Last month, heated debates over Islam and national identity reignited in France. A hijabi woman who was accompanying her son at a school trip was aggressively asked to remove her veil. Then the staff of a university just outside of Paris received an email encouraging them to lookout for “weak signals” of radicalisation, which included: wearing a veil, growing a beard, eating halal or following the news…
Although France refuses to acknowledge it, islamophobia is rampant across the nation, and can even be deadly. Let us not forget October 28, when a former Front National candidate (the country’s far-right party) attacked a mosque in the small town of Bayonne.
On November 10, around 13,000 people gathered in Paris to condemn Islamophobia in a protest organised by left-wing organisations. On top of other absent mainstream parties, not one single official member of the Socialist Party’s management joined the march.
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The only famous political figure that attended the protest was Jean-Luc Mélenchon, the leader of LFI, a far-left party; whereas President Macron’s party En Marche declared in a tweet that protesters “are fighting in favour of political Islam”. And Manuel Valls, the former Socialist Prime Minister, labelled the politicians who signed an open letter against Islamophobia published on the left-leaning newspaper Libération, as belonging to the “Left of renunciation” and referred to it as a “shameful abandonment”.
Manuel Valls was born in Barcelona and did not take French citizenship until he turned 20. So why is it that French Muslims are constantly othered, and asked, “Where are you from?” when in more cases than not, their parents were actually born in France.
France’s secularist state is said to promote egalitarianism for all citizens. But whether it concerns the hijab ban in public spaces (like school, hospitals and the national transport system), restrictions of public prayers, the sports-hijab, the burqa or the burkini, contentious disputes over Islam’s compatibility with French Republican values are constantly back on the agenda. To the extent that it seems like France’s famous slogan “Liberté, Egalité, Fraternité” is only valid if you’re not a practicing Muslim.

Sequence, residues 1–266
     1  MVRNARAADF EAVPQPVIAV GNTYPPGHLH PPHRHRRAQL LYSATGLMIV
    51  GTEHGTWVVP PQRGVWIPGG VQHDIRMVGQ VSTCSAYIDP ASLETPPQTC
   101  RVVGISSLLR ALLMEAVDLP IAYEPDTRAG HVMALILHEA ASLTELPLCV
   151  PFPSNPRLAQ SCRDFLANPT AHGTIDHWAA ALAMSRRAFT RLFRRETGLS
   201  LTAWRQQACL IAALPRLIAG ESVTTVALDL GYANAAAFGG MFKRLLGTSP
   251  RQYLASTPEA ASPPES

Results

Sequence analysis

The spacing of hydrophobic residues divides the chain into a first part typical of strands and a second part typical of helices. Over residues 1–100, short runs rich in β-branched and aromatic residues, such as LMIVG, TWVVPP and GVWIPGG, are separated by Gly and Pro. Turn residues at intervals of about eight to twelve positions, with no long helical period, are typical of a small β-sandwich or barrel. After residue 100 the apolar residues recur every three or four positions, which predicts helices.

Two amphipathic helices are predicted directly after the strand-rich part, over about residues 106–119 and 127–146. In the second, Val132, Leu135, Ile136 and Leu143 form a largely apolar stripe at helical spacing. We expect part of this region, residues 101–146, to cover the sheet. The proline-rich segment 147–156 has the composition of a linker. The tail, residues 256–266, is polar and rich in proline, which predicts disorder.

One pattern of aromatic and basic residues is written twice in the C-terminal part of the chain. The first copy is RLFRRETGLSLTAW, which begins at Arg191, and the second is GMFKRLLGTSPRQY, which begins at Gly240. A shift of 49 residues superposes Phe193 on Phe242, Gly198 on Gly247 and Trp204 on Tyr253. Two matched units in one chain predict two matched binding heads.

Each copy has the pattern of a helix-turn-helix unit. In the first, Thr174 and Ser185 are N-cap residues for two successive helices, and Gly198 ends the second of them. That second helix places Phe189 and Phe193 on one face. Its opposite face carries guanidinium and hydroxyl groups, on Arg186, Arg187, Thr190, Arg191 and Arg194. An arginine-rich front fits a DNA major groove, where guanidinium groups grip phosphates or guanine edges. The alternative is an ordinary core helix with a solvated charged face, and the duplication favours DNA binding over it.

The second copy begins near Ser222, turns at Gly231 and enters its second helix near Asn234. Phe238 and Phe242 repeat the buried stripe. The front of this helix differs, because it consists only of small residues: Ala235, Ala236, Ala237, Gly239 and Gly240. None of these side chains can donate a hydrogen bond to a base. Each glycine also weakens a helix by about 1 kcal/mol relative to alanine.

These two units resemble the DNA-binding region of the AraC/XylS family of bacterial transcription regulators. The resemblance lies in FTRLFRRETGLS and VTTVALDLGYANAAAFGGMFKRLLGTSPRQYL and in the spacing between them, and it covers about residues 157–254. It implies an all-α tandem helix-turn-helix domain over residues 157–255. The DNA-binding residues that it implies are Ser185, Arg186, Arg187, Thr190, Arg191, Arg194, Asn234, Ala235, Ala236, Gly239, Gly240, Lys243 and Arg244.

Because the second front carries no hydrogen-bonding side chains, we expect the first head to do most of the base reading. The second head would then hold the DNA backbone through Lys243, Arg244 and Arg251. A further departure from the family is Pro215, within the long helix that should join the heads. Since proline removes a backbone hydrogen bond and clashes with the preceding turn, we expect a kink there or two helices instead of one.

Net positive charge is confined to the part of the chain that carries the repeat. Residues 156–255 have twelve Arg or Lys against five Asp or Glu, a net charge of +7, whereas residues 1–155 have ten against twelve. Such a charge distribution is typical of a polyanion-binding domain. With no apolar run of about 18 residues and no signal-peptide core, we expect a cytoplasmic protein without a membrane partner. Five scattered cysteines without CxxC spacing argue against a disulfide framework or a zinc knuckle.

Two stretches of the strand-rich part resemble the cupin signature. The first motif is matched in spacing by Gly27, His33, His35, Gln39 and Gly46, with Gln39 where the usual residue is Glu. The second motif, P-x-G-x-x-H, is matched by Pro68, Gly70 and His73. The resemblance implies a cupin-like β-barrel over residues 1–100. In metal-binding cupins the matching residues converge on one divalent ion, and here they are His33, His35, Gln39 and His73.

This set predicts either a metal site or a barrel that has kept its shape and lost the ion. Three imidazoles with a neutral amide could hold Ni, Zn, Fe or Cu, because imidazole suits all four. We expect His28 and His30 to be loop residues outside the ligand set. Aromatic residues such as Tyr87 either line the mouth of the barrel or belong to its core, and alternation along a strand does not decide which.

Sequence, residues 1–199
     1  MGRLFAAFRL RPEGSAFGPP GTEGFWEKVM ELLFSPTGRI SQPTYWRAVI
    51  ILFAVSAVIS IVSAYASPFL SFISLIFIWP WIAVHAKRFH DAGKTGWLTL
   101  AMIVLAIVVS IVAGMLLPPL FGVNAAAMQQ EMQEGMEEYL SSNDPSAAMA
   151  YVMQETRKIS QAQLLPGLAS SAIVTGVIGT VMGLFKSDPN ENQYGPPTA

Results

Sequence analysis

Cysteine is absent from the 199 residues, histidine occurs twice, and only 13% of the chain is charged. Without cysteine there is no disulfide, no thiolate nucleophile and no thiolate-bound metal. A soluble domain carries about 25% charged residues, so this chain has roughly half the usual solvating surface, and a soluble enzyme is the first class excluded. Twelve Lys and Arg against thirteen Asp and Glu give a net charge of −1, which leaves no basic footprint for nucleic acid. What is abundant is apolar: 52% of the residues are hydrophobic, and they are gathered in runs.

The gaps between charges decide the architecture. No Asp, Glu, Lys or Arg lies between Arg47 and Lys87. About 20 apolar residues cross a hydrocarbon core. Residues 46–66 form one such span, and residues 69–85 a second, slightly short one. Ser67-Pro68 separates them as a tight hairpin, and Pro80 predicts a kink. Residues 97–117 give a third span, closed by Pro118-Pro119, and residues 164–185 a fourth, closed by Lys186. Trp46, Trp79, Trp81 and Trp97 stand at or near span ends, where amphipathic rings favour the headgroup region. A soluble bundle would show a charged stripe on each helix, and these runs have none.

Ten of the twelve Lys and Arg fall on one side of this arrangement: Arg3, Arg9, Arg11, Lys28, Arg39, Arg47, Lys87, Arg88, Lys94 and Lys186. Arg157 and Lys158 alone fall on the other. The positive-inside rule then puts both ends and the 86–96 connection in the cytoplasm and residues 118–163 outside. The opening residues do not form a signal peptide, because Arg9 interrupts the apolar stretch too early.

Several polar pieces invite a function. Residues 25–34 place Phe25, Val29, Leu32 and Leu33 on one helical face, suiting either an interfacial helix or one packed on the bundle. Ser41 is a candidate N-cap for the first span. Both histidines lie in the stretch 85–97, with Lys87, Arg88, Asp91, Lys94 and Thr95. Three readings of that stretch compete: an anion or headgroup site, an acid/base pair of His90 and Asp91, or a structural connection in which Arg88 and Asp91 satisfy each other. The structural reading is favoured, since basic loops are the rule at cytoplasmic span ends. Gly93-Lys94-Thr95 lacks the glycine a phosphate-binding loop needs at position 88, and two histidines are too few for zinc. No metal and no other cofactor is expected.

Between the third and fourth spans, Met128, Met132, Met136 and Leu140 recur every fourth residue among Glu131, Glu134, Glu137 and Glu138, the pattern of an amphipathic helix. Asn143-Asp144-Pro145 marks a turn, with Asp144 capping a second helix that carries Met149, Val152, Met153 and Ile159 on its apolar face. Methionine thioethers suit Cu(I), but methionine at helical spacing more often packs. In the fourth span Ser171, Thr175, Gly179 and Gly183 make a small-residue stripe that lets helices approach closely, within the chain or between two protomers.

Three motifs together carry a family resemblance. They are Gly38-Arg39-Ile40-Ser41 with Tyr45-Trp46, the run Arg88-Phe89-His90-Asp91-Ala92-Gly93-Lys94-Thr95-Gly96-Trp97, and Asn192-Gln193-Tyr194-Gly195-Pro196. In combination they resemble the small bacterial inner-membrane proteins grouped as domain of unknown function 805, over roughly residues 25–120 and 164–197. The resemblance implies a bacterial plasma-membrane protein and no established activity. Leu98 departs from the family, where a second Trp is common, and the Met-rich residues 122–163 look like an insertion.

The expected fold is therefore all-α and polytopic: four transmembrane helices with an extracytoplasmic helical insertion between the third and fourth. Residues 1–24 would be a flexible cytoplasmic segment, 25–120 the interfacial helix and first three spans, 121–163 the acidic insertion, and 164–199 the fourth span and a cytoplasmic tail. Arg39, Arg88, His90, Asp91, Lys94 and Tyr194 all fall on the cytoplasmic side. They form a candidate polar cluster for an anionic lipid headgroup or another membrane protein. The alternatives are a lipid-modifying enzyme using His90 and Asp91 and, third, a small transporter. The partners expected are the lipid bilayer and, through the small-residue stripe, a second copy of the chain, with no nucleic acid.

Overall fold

With new regulations targeting Islam increasing, it seems like France’s obsession with religious blindness is a cover for discrimination, and even hatred, against Muslims.
French politicians often say that wearing a veil is a form of female submission. But Muslim women are very rarely heard. On October 21, Sara El Attar—a young French hijabi woman—was invited on French television. It was the first time a hijabi woman took part in a public debate, in a hijab, in France, ever.
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This is a simple but stark reminder that although France is home to the largest Muslim population in Europe, its white, upper class and so-called secular feminism doesn’t represent Muslim women.
France is proud to have purged religion from the public sphere—a move that have made collecting and measuring data about race and religion in censuses illegal. Even the word “Islamophobia” has become controversial in itself.
Instead of being offered a helping hand, Muslims who declare feeling incapable of expressing their faith peacefully are often blamed for failing to integrate and adopt the requirements of French citizenship.
French Muslims aren’t marginalised because of their unwillingness to “fit in”; they are alienated because of how French society isolates them. If political leaders want to hold their nation together, an alternative, softer, view of French secularism must be heard. The question shouldn’t be how to build a society where our differences are concealed, but how do we build a society where our differences are celebrated and healed?